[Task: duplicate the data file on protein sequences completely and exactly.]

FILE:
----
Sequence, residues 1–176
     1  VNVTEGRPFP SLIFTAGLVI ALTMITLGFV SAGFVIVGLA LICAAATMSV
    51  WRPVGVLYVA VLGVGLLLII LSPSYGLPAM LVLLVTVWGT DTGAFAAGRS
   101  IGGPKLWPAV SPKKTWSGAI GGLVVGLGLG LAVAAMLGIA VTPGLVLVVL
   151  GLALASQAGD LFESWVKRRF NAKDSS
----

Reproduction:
Sequence, residues 1–176
     1  VNVTEGRPFP SLIFTAGLVI ALTMITLGFV SAGFVIVGLA LICAAATMSV
    51  WRPVGVLYVA VLGVGLLLII LSPSYGLPAM LVLLVTVWGT DTGAFAAGRS
   101  IGGPKLWPAV SPKKTWSGAI GGLVVGLGLG LAVAAMLGIA VTPGLVLVVL
   151  GLALASQAGD LFESWVKRRF NAKDSS